Brother Guy-Blaise KAMENI, Camp Manager
On the initiative of the two Brothers’ communities in Chad, a first camp for young Lasallians was organised in Bongor, a small town situated halfway between Ndjamena, the capital of the country, and Kélo, another town where the Brothers run a secondary school for general and technical education.
This camp took place from 3 to 6 June 2021 and brought together 26 young Lasallians from Ndjamena and Kélo, and 4 Brothers in charge.
The general theme of the camp was “Young people and Lasallian identity” with the main objective of encouraging these young people to become involved in the great Lasallian family of the District.
Indeed, it all started with the arrival of the participants on the site in the afternoon of 3 June, followed by the installation and the constitution of the camp animation teams. The same day in the evening, at 6pm, all the young people gathered together in the chapel to pray, meditate and give thanks to God for His marvels in the life of each one. After the prayer, a welcome dinner for all followed at 7pm. At 8.30 pm, a meeting was held to receive the instructions that would accompany the activities of this camp, as well as the reading of the programmes and the presentation of the camp team.
The other days were devoted to the presentation of three sub-themes which would be the focus of the young Lasallians’ stay in Bongor, namely:
- John Baptist de La Salle and the Brothers of the Christian Schools today
- Lasallian identity
- Young people in search of their identity.
These sub-themes were developed in turn by the Brothers in charge and allowed the young people to better understand and define their identity while remaining attentive to God’s call. After each presentation, sufficient time was given to the young people to allow them to discuss in small groups one or other subject that they wished to study in greater depth.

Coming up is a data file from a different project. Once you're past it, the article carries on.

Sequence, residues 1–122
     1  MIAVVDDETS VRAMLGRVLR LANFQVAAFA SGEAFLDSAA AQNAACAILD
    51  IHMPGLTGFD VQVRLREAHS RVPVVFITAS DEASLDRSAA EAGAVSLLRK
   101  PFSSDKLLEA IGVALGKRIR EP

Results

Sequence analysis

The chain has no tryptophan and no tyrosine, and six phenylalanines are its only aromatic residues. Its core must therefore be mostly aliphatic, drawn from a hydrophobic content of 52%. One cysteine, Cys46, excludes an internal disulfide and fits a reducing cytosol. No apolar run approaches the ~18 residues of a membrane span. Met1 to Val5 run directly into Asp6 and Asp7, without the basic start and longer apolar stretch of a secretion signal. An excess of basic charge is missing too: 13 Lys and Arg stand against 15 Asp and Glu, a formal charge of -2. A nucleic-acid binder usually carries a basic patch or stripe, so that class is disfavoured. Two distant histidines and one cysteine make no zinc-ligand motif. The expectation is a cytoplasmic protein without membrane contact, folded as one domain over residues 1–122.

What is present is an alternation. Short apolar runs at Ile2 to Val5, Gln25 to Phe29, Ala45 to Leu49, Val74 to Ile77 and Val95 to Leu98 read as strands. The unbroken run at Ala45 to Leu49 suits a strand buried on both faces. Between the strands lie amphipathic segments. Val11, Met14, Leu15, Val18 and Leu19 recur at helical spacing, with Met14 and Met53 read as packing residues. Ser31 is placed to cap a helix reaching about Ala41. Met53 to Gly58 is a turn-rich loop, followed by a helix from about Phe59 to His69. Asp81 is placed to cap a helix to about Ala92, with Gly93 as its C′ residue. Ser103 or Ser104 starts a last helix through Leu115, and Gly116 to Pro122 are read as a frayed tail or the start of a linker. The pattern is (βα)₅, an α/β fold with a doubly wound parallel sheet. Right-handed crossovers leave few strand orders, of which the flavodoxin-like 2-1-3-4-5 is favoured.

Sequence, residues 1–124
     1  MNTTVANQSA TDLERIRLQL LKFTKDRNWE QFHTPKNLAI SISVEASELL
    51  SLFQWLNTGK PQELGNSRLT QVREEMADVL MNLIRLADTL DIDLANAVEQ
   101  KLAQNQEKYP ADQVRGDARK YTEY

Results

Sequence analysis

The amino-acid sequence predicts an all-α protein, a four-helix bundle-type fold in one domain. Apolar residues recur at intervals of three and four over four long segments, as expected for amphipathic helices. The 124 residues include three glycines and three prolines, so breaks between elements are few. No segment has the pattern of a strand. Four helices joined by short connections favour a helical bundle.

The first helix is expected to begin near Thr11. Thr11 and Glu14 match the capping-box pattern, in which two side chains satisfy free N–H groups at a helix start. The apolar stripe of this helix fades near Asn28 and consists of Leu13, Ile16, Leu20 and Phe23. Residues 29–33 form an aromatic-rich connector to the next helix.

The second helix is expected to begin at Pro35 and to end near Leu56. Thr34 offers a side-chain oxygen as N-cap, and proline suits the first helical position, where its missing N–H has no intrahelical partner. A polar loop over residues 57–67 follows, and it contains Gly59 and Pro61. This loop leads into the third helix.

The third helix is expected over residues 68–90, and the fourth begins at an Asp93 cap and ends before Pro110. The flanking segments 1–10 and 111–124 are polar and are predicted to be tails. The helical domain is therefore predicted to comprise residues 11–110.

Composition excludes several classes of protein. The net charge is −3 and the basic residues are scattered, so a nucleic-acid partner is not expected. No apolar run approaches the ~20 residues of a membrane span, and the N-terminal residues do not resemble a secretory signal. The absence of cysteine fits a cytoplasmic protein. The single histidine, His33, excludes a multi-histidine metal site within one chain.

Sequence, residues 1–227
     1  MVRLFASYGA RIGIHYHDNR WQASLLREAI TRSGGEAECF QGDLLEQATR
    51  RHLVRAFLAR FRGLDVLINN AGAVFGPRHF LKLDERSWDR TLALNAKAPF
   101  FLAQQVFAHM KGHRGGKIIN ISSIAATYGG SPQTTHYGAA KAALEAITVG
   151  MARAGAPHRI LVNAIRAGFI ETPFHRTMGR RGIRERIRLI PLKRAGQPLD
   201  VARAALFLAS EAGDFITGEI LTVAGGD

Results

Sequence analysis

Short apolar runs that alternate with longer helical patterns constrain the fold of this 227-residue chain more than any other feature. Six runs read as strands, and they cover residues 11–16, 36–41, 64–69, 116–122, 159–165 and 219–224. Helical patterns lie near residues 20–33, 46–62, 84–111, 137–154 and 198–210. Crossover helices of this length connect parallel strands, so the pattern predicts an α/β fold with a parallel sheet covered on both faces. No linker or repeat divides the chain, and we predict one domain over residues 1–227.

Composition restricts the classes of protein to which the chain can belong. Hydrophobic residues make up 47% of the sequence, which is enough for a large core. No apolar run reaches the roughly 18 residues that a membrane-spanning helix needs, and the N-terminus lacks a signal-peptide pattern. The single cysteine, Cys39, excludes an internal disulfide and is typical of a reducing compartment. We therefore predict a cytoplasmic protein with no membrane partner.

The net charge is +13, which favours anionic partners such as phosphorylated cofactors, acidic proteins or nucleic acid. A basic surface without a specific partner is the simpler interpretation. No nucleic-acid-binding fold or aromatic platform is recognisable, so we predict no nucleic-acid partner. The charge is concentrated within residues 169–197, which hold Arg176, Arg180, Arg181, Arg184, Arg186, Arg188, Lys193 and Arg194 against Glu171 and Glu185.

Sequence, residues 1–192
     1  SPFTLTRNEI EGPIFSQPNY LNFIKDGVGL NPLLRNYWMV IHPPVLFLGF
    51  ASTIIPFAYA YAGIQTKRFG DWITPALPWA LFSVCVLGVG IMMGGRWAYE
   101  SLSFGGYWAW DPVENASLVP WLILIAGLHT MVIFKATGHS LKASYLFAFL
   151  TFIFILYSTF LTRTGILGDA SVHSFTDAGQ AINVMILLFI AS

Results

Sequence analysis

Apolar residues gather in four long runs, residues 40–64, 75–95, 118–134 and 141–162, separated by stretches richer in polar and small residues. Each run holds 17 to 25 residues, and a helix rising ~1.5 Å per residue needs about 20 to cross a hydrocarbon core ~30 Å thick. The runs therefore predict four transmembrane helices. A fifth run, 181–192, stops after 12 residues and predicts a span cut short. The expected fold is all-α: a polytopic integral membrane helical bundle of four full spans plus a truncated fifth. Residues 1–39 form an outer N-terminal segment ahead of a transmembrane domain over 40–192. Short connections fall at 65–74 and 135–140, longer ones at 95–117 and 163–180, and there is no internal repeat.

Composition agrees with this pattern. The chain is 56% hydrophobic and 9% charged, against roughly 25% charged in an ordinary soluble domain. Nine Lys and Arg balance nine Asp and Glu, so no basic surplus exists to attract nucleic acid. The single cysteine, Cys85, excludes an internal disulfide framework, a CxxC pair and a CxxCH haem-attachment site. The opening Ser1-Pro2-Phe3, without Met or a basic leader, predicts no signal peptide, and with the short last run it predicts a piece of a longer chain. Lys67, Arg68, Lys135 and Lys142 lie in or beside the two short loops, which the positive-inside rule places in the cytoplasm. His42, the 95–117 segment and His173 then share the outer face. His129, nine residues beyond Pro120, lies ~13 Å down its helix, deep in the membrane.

Apart from sub-themes, several other activities were organised, such as physical exercises and cultural evening, therapeutic walks, relaxation, football, cultural performances, in order to maintain good health throughout the camp. These activities also contributed to strengthening the mutual knowledge of the young people among themselves and with the Brothers in charge. In addition, there were times for community prayer and individual meditation, reflection, learning religious songs, and conviviality over meals and soft drinks.
One of the highlights is especially the morning and evening prayers during which the young Lasallians entrust themselves to the Lord through the spiritual exercises in the Centre’s chapel, an ideal place for silent meditation. Christians and non-Christians alike were involved in these exercises, a discovery for most.
The testimonies collected from the young Lasallians suggest that they are very satisfied with the course, the content of the themes dealt with and the general organisation of the camp, especially as they had been waiting for this camp for a long time after multiple postponements because of Covid’19. The 18 young people who came from N’Djamena and the 8 from Kélo actively participated in the various activities throughout the camp and are keen to have a second edition.
Before leaving Bongor, on Sunday 6th June, the young Lasallians took part in the celebration of the Eucharist in the parish of Saint Joseph of Bongor where the Church was celebrating the Blessed Sacrament. On the occasion of this Mass, the Brother in charge of the camp had the opportunity to address the faithful by presenting to them Lasallian vocations in general and that of the Brother of the Christian Schools in particular.
To conclude, it should be noted that the day before their departure for the camp, the young Lasallians of N’Djamena went, with hands full of basic necessities (rice, pasta, milk, oil, soap…) to visit the orphan children, residents of the ORPHELINAT DIEU BENI situated in Gassi, one of the remote districts of the town. This was an unexpected gesture that was very much appreciated by the promoter of this social structure, which takes in some 70 motherless children aged 0 to 12 years.